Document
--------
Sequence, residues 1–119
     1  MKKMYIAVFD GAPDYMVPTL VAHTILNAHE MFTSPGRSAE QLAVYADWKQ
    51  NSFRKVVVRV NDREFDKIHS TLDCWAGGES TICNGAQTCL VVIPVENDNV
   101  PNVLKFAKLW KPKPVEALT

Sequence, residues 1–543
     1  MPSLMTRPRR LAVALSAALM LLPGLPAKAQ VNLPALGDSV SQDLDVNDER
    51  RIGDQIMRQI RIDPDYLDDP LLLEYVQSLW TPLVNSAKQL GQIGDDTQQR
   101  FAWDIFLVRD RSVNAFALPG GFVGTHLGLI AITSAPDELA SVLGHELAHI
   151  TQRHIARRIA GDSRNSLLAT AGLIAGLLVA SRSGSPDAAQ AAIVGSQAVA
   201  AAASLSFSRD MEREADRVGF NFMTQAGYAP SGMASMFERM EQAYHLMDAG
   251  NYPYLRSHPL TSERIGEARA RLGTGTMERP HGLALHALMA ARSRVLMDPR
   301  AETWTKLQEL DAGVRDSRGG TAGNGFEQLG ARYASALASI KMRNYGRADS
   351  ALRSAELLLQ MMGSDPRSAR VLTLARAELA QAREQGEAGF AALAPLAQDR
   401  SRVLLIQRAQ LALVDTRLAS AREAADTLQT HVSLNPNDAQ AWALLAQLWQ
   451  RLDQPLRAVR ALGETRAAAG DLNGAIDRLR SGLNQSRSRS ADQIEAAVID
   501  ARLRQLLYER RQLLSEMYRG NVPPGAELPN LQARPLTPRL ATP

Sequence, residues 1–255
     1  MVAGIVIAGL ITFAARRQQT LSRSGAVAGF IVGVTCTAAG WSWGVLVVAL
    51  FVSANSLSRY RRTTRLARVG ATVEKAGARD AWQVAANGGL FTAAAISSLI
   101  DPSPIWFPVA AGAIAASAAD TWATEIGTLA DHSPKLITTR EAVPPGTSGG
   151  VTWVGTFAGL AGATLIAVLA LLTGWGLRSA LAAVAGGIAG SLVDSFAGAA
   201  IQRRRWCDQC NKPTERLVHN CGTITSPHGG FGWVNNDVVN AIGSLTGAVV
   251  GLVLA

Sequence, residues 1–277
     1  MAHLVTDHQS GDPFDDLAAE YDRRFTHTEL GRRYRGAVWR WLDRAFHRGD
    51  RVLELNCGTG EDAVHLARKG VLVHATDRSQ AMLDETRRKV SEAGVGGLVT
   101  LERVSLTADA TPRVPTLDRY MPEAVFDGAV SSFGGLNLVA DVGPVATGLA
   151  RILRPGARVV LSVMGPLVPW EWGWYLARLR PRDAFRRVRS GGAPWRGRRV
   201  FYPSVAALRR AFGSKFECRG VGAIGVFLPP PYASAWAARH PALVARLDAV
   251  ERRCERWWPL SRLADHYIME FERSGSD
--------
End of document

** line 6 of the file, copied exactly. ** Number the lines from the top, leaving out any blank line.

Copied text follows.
     1  MPSLMTRPRR LAVALSAALM LLPGLPAKAQ VNLPALGDSV SQDLDVNDER